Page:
The nuts and bolts of writing

100_0100The man who tried to teach me to write was a very patrician academic, who wrote book reviews for The Times and was also an army officer. He was my charismatic headmaster at boarding school in Malaya, tall, elegant, witty and charming. School was in the cool of the Cameron Highlands, surrounded by jungle which hid both the aborigine Sakai people, and also the communist bandits.

 We travelled to school in what were known as coffins, and they felt like it. They were metal boxes on wheels with tiny slits to let in the stifling tropical air. This convoy of coffins was escorted by armoured cars between each one. It usually took me two days to get to school, flying out by a light Auster plane from Kota Bahru to Bangkok, via a change at a lonely air-strip at Alor Star. In Bangkok I changed planes for Kuala Lumpur. Here I spent the night and joined everyone else for the train journey up to the rendezvous with the coffins. We then had another six hours of tough travel before reaching the Highlands in the evening.

 We never knew the date of the beginning or end of term until the day before, so the bandits couldn’t ambush us. We children didn’t worry terribly. We might have felt differently had we realised that our school food was so awful because the cooks were giving our rations to the bandits surrounding us in the jungle. I learned this from the headmaster some years after I’d left school, by which time they’d uncovered the problem. Every night the school was patrolled by armed guards, but somehow I never really believed the bandits could be so close. In hindsight, the fact that they were depending on our food was our best protection! I lost half a stone every term.

 Robin, my headmaster, decided that the new A level exams which had been introduced a couple of years before, were a challenge that he and I could rise to, and that he would coach me to pass them in one year instead of two. This was a stretch, but I had a one- on-one lesson with him most days.

 I would sit side by side with him at a table in the school library while he neurotically smoked his way through a round tin of fifty cigarettes, lighting each one, taking a few puffs and then stubbing out three quarters of the cigarette before lighting up the next. He, like so many army officers I knew then, was still suffering from the effects of the war, only in those days there was no counselling or understanding of their trauma.

 I quickly discovered that I was a sloppy thinker, with very little idea of how to write. This uncomfortable realisation hit me after my first essay, when I referred to ‘the naked truth’. Robin ( I learned to call him this later) made me look up the meaning of the word ‘naked’ in the dictionary, and it was a lesson I never needed to learn again – to make sure I actually knew the meaning of a word before I used it, and forget about clichés !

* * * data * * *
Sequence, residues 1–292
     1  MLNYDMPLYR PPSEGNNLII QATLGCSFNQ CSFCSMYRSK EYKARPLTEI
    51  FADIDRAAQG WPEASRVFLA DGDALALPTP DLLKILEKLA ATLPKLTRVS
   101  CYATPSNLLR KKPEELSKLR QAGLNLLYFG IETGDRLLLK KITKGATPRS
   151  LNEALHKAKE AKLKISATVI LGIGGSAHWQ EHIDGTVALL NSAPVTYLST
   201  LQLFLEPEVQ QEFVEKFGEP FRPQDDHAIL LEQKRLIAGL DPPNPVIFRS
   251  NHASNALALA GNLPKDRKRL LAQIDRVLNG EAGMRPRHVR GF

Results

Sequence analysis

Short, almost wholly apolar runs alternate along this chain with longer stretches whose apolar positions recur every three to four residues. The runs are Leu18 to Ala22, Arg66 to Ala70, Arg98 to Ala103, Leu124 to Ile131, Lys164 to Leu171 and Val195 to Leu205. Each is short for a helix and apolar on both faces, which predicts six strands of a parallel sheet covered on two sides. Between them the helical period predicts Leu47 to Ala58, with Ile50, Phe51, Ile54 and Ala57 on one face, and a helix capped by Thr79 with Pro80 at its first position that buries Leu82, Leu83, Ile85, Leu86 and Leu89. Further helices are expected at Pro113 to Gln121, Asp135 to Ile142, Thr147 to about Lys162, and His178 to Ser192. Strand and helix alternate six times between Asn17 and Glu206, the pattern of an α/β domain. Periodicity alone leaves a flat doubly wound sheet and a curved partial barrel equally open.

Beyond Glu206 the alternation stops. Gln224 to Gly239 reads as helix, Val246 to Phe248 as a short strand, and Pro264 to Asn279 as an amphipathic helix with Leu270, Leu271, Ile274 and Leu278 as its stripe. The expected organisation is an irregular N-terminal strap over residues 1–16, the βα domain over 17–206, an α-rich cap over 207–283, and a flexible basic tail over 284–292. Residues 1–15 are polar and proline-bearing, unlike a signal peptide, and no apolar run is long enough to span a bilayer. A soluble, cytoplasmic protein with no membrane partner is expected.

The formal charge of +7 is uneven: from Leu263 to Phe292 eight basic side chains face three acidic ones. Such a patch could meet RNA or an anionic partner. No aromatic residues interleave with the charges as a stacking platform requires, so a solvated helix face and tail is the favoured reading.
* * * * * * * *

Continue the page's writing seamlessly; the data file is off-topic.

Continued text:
He taught me to write short simple sentences, to use short Anglo –Saxon words, and not pompous, pretentious Latin words. He’d say chuck instead of throw, and taught me to write direct simple prose… though you may not believe this now. He also tried to teach me to think for myself, and once when I had written an obsequious essay on Anthony and Cleopatra, he teasingly wrote at the bottom: “Beware too slavish an adulation of the Bard!”

 The best training he gave me was to do a précis nearly every day, of a piece of weighty Elizabethan or Restoration prose, reducing each piece to a third of its length. It was a rigorous exercise, which trained me to express meaning in the most efficient and simplest way. It taught me to understand the meaning of words so I could translate them into a simpler briefer version, and sharpened up my whole writing style. Years later, when I was worried about my children’s exam results, and they in their turn were worried about theirs, I found the passages still marked in my battered Oxford Book of English Prose, and gave them all the same exercises, and they worked the same magic for them too.

 And that was it – the nuts and bolts. When I hear or read of people’s experiences with gifted teachers today, I marvel at the creative opportunities they have; but on the other hand, these simple rules he gave me have been a useful scaffolding on which to build a writing life. Yes, I missed out on the metaphors and similes, and creative flights of fancy. I just had simple guide-lines for communicating clearly, with no tiresome tics of speech or writing, no frills or clichés, no worn-out phrases, un-necessary words, purple passages or exhibitionist long words.

 And though we revelled in Shakespeare’s exuberant inventions and plays on words, Robin reminded me that the vocabulary of the exquisite King James Bible is only about eight thousand words.  I learned to write truthfully, and to avoid sentimentality – I think! And this for me, is still the challenge of writing, over half a century later; truth means finding the exact word, no compromises, which means knowing how I truly feel.

 A month before the exams, my best friend and I went for a walk and ended up having afternoon tea of tomato sandwiches – nothing else was ever on offer – at the Cameron Highlands Hotel, a privilege for prefects if, and when, their pocket money would stretch.